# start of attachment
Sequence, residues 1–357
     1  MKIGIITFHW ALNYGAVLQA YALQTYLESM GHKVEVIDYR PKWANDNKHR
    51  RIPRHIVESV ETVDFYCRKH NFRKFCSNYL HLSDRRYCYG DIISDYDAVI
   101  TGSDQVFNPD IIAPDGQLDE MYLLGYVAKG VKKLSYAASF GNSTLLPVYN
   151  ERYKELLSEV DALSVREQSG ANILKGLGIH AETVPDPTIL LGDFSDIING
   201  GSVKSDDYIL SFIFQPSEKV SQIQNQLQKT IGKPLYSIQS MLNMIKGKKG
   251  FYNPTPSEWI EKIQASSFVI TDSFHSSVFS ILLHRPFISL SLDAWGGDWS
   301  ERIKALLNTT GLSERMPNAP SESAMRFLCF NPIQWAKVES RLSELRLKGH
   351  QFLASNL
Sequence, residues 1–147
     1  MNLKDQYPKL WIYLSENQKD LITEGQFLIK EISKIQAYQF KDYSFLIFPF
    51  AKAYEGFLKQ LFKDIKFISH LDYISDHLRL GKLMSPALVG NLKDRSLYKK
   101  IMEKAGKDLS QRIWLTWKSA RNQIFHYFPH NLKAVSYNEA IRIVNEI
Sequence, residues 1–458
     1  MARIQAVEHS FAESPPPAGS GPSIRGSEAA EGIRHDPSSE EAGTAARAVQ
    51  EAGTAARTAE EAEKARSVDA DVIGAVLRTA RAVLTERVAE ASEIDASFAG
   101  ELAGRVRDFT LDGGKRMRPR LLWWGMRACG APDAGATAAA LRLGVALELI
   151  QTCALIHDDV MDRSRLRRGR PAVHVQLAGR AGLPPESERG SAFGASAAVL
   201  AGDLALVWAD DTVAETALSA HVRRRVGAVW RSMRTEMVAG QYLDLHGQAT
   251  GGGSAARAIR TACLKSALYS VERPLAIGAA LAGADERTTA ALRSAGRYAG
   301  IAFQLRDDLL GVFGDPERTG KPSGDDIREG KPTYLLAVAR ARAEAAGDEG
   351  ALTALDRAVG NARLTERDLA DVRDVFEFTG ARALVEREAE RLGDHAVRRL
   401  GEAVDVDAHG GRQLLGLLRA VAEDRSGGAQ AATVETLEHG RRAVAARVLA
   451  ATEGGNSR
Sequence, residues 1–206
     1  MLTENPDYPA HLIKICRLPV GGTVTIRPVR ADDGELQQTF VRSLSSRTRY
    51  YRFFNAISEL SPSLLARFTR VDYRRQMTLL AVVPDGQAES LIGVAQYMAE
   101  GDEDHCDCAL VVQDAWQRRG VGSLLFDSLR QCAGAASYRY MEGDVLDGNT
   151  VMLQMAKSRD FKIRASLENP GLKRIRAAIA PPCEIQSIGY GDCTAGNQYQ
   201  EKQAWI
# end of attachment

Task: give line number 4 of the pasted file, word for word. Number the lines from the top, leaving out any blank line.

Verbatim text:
   101  TGSDQVFNPD IIAPDGQLDE MYLLGYVAKG VKKLSYAASF GNSTLLPVYN